DVTel Mobile App Examined

By: Ethan Ace, Published on Oct 20, 2011

DVTel's mobile app provides a number of important features that we rarely, if ever see in surveillance applications. While literally hundreds of mobile apps are available for various surveillance platforms, most offer the same few features, often limited to viewing a handful of cameras and often live video only. In this update, we examine DVTel's simply-named Mobile App, and its capabilities which may be of special interest to mobile guard forces.

Panic Button/Google Maps Integration

The most interesting feature of the DVTel mobile app, which we have not seen in other products, is the addition of a panic button in the mobile app, and integration to Google Maps for positioning. Guards or other staff may push this button to send a duress signal. The mobile app uses the mobile device's built-in GPS to send coordinates. These coordinates are then displayed in a Google Map on an operator's workstation in the security office. The main operator may then use cameras local to the guard (displayed on the same map view) to view the scene and respond appropriately. This location integration may also be used for real-time tracking of staff positions.

Instant Replay/Record Features

The mobile app's instant replay and remote record features stand out. These functions are both acheived via buttons overlayed on each camera in the user interface. If a guard sees activity which should be recorded, he or she can press the manual record button to begin recording. Likewise, if the guard notices suspicious activity and needs to review actions it, the instant replay button provides quick access to archived video leading up to it. A number of apps offer access to archived video, but these two features may simplify these common tasks. While some surveillance mobile applications support search functionality, this is the simplest way we have seen to quickly review the immediate past.

Overview

The Mobile App is licensed for connecting to DVTel Latitude servers. Connections are facilitated via DVTel's transcoder service, which is used to manage stream sizes for various mobile users, not just mobile app users. The transcoder service is also capable of multiple configurations, so users with different bandwidth needs - 3G versus wi-fi, for example - may receive different stream sizes.

The mobile app is licensed by concurrent connections, with an MSRP of $300 per connection required. Any number of user accounts may access the mobile app, but if only ten licenses are purchased, only ten users at a time may be connected, for example.

Whether the transcoder requires a separate server depends on how many streams are being requested and what bitrates these streams are using. Because this can vary greatly based on number of users, stream types required, concurrent connections, and more, it is difficult to guess without knowing individual customer requirements.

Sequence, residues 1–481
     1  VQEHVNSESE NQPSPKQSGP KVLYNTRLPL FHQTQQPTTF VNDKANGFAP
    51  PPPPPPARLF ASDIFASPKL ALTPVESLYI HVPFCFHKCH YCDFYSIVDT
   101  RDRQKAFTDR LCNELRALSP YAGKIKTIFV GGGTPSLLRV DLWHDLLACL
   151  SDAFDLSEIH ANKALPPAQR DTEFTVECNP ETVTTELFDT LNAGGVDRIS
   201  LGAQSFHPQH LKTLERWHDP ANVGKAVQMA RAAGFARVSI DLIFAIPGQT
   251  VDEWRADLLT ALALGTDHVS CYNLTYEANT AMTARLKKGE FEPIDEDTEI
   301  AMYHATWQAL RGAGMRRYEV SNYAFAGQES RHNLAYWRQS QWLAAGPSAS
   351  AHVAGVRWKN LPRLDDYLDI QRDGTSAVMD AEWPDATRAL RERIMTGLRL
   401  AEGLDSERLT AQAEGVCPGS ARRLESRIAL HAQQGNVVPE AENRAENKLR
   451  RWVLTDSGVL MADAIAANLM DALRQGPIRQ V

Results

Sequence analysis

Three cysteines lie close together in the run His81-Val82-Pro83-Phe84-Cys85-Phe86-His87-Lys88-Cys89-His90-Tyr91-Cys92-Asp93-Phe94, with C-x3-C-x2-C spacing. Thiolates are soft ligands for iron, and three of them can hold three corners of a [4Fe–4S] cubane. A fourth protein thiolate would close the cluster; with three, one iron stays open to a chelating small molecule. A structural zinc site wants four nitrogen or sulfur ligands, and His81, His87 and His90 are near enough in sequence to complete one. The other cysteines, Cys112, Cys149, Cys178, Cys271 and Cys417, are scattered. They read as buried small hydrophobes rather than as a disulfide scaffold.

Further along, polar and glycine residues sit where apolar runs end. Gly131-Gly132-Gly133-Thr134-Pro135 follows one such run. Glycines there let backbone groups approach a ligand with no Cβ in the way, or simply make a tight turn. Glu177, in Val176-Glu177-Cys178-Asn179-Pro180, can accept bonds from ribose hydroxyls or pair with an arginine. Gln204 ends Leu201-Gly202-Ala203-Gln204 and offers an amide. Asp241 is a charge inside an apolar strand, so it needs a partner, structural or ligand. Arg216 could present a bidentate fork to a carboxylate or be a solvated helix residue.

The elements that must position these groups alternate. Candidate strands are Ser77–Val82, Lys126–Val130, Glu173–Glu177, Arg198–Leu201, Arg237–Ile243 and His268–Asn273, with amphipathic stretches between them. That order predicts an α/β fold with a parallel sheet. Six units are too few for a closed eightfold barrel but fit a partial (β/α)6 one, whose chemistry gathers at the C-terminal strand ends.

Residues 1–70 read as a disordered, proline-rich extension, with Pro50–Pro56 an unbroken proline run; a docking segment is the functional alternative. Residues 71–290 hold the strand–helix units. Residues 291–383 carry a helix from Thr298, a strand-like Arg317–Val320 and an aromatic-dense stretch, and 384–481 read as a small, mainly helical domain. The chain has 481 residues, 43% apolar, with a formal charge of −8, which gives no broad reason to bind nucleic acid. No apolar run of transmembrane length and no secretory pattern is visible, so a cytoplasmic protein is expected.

A video overview of the DVTel mobile app is embedded below. The interesting portion on instant replay and panic button starts at 2:40:

Like most surveillance manufacturer's mobile applications, the app only supports DVTel's only VMS. While we see it as an interesting advantage for DVTel, it is not something one can easily utilize unless they are currently a DVTel user or are actively searching for a new VMS platform.

Comments : PRO Members only. Login. or Join.

Most Recent Industry Reports

TMA Apologizes to Amazon / Ring on Aug 23, 2019
Not only is Amazon / Ring making major incursions into the residential security market, the organization representing the biggest incumbents, The...
China Dahua Replaces Their Software With US Pepper on Aug 22, 2019
What does a US government banned company do to improve its security positioning in the US? Well, Dahua is unveiling a novel solution, partnering...
Security Integrators Outlook On Remaining Integrators In 2025 on Aug 22, 2019
The industry has changed substantially in the last decade, with the rise of IP cameras and the race to the bottom. Indeed, more changes may be...
First GDPR Facial Recognition Fine For Sweden School on Aug 22, 2019
A school in Sweden has been fined $20,000 for using facial recognition to keep attendance in what is Sweden's first GDPR fine. Notably, the fine is...
Anyvision Facial Recognition Tested on Aug 21, 2019
Anyvision is aiming for $1 billion in revenue by 2022, backed by $74 million in funding. But does their performance live up to the hype they have...
JCI Sues Wyze on Aug 21, 2019
The mega manufacturer / integrator JCI has sued the fast-growing $20 camera Seattle startup Wyze. Inside this note: Share the court...
Dahua 4K Camera Shootout on Aug 20, 2019
Dahua's new Pro Series 4K N85CL5Z claims to "deliver superior images in all lighting and environmental conditions", but how does this compare to...
ZK Teco Atlas Access Control Tested on Aug 20, 2019
Who needs access specialists? China-based ZKTeco claims its newest access panel 'makes it very easy for anyone to learn and install access control...
Uniview Beats Intel In Trademark Lawsuit on Aug 19, 2019
Uniview has won a long-running trademark lawsuit brought by Intel, with Beijing's highest court reversing an earlier Intel win, centered on...
Suprema Biometric Mass Leak Examined on Aug 19, 2019
While Suprema is rarely discussed even within the physical security market, the South Korean biometrics manufacturer made global news this past...

The world's leading video surveillance information source, IPVM provides the best reporting, testing and training for 10,000+ members globally. Dedicated to independent and objective information, we uniquely refuse any and all advertisements, sponsorship and consulting from manufacturers.

About | FAQ | Contact